Further plot development is centered around Atticus’s family heroes, which could be criticised as the author’s bias towards reducing racial diversity. The critical perspective may not be valid as To Kill a Mockingbird communicates Maycomb’s intended message to the population. This is easily accessible for most modern neighborhoods.

Scout, Jem and Dill seem to be fascinated by Boo. He is a shy character who lives in the home of Mr. Radley. Strange stories about Boo drive the three children to his yard to get a glimpse of him. Radley mistakenly sees Jem’s shadow and shoots at him. Maycomb suspect Radley of having shot an African-American. They then assume that Radley shot at a Negro wearing a collard patch.

Racists accuse “blacks” in the town of any crime and consider them inferior. There have been many instances in modern society where minorities were wrongly killed or hurt because of their ethnicity. Recent protests were organized under the banner “Black Lives Matter” in response to cases where African-American youths were slain, particularly by officers without any real reason.

Studies have shown that people of certain races are more likely than whites to be treated differently in similar situations. “Whites perceive themselves as more advanced and humane than the “others” with darker skin (whether African or native) they have dominated,” (Salter, et al. 153). Claudia Gomez was a young Mexican woman who was with other migrants when an officer shot her. These prejudicial events were similar to those seen in Maycomb, orchestrated by some residents.

Every time a questionable incident or crime occurred, people blamed blacks. However, there was no evidence, no report or inquiry against them. Whenever anyone was subject to violence, they directly blamed the blacks and did not go back to the actual events.

The majority of people quickly ruled out any connection to blacks. They think that whatever bad happens is their fault, and they also believe blacks are dangerous and criminals (Faizah 2016,). People who are racist or accept racism would not be able to have a relationship with suspect black people or work for them. Tom’s situation was that no one offered Tom’s wife a job.

Conclusion

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Because of their different skin colors, African Americans have faced discrimination and racial inequalities throughout history. Because they were considered undesirable and uncivilized, they were often segregated and verbally and physically abused. Racial segregation was viewed as a veil that covered the humanity of African Americans. It also disallowed their good nature from be realized by white people. This is why they were charged with any illegal or criminal incidents that occurred in the white environment without investigating their innocence.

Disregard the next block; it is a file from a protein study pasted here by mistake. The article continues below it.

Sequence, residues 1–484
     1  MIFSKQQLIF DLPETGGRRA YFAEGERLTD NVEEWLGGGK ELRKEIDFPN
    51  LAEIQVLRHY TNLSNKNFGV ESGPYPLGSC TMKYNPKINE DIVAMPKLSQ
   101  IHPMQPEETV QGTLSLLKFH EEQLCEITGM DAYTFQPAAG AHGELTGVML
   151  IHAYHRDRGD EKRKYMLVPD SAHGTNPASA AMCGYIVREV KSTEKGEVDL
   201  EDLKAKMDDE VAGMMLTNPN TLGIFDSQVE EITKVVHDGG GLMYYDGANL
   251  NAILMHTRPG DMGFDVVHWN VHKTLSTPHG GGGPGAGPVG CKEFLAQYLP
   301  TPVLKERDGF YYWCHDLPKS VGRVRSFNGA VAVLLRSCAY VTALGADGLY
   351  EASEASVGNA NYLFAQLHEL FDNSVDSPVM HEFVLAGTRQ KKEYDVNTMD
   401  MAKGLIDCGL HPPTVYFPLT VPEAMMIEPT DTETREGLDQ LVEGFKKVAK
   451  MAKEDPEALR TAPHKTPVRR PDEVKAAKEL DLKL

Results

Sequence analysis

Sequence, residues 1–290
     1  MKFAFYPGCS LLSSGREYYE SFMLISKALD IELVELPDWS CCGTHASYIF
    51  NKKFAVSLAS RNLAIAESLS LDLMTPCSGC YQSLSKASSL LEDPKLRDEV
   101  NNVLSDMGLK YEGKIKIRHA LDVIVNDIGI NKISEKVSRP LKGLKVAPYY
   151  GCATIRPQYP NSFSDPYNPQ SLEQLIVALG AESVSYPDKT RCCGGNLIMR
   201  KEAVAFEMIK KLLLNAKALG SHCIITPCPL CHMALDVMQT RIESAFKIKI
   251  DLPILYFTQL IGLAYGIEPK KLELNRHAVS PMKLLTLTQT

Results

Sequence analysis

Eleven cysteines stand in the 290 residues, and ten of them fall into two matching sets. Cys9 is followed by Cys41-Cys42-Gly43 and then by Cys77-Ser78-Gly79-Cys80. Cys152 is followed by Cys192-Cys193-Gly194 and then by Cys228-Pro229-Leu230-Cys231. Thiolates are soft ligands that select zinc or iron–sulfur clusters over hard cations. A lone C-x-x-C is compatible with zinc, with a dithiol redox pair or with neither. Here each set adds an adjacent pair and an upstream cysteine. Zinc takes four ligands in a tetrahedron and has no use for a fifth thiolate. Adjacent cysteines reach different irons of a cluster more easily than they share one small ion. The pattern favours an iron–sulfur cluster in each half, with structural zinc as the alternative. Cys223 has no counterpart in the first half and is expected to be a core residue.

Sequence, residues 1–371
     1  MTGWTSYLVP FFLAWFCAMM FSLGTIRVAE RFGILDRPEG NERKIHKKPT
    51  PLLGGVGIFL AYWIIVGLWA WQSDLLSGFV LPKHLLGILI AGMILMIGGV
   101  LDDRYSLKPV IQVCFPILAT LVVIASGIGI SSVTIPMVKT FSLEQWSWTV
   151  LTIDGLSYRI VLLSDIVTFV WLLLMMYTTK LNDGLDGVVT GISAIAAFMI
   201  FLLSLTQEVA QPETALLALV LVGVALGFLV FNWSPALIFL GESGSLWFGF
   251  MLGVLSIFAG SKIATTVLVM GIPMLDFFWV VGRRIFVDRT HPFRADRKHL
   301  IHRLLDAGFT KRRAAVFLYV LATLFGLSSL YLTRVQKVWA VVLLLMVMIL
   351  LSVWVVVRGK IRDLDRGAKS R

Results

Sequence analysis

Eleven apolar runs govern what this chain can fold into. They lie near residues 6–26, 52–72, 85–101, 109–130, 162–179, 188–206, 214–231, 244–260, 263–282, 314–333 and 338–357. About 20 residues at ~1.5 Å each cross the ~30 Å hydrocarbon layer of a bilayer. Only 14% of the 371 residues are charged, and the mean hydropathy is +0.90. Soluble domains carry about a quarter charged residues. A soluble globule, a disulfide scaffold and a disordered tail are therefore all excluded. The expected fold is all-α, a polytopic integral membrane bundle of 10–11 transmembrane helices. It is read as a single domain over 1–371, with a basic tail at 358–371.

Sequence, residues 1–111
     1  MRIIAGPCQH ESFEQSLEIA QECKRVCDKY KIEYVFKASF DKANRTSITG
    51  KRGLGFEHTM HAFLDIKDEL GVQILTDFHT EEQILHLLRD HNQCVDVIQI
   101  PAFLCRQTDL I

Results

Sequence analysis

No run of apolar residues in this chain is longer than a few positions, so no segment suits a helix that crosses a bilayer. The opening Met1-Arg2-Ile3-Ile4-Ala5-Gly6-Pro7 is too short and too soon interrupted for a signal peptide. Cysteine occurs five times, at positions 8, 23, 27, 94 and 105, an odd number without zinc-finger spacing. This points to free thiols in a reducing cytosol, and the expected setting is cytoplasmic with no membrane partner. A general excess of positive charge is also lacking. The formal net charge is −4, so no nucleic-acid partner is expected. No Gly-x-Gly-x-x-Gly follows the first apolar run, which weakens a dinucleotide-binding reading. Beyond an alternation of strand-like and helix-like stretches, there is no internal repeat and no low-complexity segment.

In To Kill a Mockingbird, the impact of bias and discrimination can have a significant effect on black lives. Lee tries to eradicate segregation, racism, prejudice, and injustice. It is almost obvious. The moral message of the novel is to send a message to the rest of the world about how they can live in peace, cooperation, kindness, respect. Lee encourages children, who may not be aware of prejudices, to ask direct questions. Adults who are already accustomed to seeing racial discrimination as a given must rethink their responses to children.

How far have things come since To Kill A Mockingbird. 60 years on, we still witness discrimination, racial profiling and lack of opportunities for American citizens based on their skin color. The mass imprisonment of young black men has been a result of judicial and police actions that unfairly target blacks. Institutional racism persists.

Racialization and categorization are social constructs that cannot be used to oppress certain groups. Professionally and personally, each one of us must decide what actions we will take to eliminate disparities in healthcare and institutional racism. This will require grace, humility, as well as a growing sense responsibility.

References

  • Lee H. To Kill a Mockingbird. HarperCollins Publishers. New York, NY. NY2006
  • Sarat, Austin and Umphrey, Martha. ‘Temporal Horizons.’ In Reimagining To Kill A Mockingbird. Family, Community, and the possibility of equal Justice under Law (United States of America, University of Massachusetts Press 2013, pp. 20-1.
  • Faizah S. (2016) Racial prejudice and lee’s to killing a mockingbird. Skripsi: Fakultas Ilmu Budaya.